There are many recipes in this collection that are easy and quick. This isn’t one of them. In fact, macarons are fussy and time-consuming and I have bungled many batches. I’ve kept at it though because when you get them right they are exquisite. The meringue is crispy on the outside and chewy on the inside. The filling is a creamy contrast that shows off an intense or unique flavor. When done right, they are the very picture of elegance.
The filling for this recipe features our Hibiscus Infused Honey in a basic buttercream. The tangy flavor of the hibiscus cuts through the sweetness of the sugar, giving the macaron a brighter flavor. I’ve added a dried rose petal for garnish but it is entirely optional.
After both success and failure, I can pass along my hard-earned wisdom to give you a better chance at success.
- Make sure the egg whites are room temperature. Some recipes even recommend letting them sit to dry out a little. Up to you.
- Sift, sift, sift. The key to a smooth meringue is to make sure you don’t have a lot of granular bits in the almond flour.
- Whisk, whisk, whisk. Once you’ve added the granulated sugar, you keep whisking until VERY stiff peaks form. You can’t really over whisk them so give them extra time.
- You can use a spoon to make the circular shapes for the meringue but you will have uniform, bakery-quality macarons if you use a piping bag.
- Timing is very hard to gauge. You can’t test them like you would a cake by poking with a fork. If you are not sure if they are done enough you have to sacrifice one and remove it from the tray. It should be barely moist on the inside.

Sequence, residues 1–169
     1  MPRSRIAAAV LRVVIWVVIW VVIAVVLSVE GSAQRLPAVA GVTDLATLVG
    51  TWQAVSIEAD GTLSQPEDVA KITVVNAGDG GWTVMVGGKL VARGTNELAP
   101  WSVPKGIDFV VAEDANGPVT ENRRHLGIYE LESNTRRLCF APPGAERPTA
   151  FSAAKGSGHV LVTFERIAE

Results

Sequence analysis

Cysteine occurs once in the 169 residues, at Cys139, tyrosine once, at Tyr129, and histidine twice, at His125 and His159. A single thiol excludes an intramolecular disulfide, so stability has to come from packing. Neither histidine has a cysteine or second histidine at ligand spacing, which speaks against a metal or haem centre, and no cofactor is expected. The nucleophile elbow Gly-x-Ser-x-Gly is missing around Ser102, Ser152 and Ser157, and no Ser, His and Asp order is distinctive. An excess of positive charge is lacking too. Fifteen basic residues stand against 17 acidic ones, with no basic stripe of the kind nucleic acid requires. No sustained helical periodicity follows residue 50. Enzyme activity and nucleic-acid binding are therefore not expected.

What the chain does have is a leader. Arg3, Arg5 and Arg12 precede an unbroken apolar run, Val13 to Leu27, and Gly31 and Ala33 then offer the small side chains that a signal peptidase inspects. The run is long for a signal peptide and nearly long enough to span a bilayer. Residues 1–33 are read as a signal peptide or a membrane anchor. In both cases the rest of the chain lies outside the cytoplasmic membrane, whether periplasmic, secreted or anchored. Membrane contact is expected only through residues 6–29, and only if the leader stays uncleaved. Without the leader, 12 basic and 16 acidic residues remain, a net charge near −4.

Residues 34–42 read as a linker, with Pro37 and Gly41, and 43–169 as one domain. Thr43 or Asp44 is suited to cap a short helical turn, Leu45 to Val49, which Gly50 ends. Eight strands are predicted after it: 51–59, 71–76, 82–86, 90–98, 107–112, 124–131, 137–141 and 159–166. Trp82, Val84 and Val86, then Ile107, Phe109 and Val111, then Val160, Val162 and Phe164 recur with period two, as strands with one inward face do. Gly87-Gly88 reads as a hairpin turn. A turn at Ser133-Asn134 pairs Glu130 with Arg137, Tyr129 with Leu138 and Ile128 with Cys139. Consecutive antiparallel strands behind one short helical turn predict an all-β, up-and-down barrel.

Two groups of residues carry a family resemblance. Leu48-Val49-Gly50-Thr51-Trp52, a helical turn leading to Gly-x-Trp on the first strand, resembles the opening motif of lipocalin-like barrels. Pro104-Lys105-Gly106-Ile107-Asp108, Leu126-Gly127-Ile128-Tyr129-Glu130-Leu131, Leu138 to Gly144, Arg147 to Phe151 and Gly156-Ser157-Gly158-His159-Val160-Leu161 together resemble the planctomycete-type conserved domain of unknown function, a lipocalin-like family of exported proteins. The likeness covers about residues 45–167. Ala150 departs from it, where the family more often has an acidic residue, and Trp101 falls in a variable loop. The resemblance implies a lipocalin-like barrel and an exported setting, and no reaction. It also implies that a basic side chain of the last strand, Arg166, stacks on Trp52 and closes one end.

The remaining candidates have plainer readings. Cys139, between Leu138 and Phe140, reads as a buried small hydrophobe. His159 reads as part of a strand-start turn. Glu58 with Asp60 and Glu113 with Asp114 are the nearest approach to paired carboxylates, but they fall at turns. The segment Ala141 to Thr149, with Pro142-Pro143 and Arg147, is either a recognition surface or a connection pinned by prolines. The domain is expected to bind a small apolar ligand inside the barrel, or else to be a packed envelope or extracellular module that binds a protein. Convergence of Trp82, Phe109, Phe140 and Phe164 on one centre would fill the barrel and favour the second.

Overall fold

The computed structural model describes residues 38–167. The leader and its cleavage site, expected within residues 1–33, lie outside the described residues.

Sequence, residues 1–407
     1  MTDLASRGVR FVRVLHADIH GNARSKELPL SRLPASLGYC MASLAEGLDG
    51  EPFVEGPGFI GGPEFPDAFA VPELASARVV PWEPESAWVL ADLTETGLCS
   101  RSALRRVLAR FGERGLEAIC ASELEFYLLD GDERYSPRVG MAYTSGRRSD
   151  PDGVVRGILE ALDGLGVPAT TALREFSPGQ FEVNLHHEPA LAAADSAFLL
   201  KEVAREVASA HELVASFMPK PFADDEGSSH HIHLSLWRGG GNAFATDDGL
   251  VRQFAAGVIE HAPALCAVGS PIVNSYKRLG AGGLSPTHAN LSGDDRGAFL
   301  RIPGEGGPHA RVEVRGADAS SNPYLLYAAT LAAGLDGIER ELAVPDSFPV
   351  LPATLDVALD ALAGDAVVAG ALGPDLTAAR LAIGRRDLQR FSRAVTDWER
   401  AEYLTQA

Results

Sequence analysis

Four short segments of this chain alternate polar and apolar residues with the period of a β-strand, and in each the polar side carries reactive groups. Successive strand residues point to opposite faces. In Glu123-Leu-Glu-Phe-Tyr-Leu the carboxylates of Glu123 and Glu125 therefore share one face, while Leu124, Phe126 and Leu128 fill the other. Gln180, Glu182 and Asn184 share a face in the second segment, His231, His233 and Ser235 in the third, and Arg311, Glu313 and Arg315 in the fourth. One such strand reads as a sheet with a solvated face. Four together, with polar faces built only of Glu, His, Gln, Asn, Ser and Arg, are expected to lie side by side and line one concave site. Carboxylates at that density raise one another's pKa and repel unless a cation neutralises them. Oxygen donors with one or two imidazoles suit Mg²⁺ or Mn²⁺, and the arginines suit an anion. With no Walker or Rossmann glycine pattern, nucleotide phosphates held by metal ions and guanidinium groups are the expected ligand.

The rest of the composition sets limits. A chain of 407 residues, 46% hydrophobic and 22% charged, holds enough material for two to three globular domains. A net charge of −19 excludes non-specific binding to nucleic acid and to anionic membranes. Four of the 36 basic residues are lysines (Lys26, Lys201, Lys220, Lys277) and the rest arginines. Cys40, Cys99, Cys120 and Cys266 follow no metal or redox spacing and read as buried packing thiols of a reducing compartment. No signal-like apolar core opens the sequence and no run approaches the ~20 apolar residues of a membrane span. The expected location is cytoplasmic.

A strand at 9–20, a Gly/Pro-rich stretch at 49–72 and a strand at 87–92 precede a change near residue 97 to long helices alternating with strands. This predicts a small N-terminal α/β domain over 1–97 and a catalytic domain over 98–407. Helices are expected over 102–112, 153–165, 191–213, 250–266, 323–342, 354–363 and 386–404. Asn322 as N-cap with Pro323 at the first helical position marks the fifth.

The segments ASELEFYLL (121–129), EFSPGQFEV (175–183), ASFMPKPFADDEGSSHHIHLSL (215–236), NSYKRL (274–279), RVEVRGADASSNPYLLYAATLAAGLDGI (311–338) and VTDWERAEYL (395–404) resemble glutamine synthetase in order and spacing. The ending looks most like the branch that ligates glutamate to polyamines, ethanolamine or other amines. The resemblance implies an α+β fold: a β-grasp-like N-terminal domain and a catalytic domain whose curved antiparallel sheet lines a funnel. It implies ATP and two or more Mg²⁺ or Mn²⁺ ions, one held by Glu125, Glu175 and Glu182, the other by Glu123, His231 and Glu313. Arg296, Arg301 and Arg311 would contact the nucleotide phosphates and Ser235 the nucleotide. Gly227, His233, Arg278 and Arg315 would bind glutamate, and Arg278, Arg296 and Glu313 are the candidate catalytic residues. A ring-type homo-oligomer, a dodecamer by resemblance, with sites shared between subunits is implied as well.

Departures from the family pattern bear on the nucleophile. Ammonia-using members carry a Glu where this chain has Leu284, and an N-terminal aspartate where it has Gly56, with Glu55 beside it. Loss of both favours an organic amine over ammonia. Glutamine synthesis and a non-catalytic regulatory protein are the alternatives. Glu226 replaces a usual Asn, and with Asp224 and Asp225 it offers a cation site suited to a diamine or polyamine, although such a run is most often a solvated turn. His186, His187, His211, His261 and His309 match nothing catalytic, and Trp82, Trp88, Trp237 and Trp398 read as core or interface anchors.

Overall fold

1 cup confectioners sugar
1 ½ cup almond flour
3 egg whites, room temperature
¼ tsp cream of tartar
½ cup granulated sugar
1 tsp vanilla extract
Few drops food coloring (optional)
¼ cup butter softened
1 Tbsp Runamok Hibiscus Infused Honey
1 cup confectioners’ sugar
½ tsp milk
Dried rose petals (optional)
Assemble your piping bag with a half-inch opening or similar. Place it in a tall cup, tip down for easier filling.
Prepare your baking sheets with parchment paper. You will likely need 2.
Sift together the confectioner’s sugar and almond flour and remove any large bits. Set aside.
In a bowl or standing mixer fitted with a whisk, add the egg whites. Turn on high speed and whisk until frothy. Add the cream of tartar and continue until they begin to stiffen. Very slowly, add the granulated sugar and continue to mix until it is very stiff and can hold peaks. Add the vanilla and food coloring and continue to whisk another few minutes for good measure.
Remove the whisk and using a large spatula, add a third of the confectioners’ sugar/almond flour mixture. Fold in gently, doing your best to maintain the consistency of the meringue. Gradually add the rest of the dry ingredients, folding until fully combined.
Using the spatula, scoop the mixture into the piping bag until it is ⅔ full. Squeeze it down to the tip and begin piping out circles of equal size, roughly 1” apart. Continue until you have used up all of the mixture.
Let them sit for half an hour to settle and dry out a little. Preheat the oven to 300. Bake them on the middle rack for 12 – 15 minutes, turning the trays halfway through for even baking. They should not brown.
Remove from the oven and let cool completely on the tray.
To prepare the buttercream, place the softened butter and honey in a bowl and beat with an electric mixer until light and fluffy. Add the confectioners’ sugar and slowly incorporate. Add the milk to light it up, beating constantly. Taste to adjust, adding more honey or sugar as necessary.
When the meringues are completely cool, spread a thin layer of buttercream on the flat side of one and top with a second. If you are using rose petals, put a small dab of buttercream on top and attach a dried petal. Repeat with remaining meringues.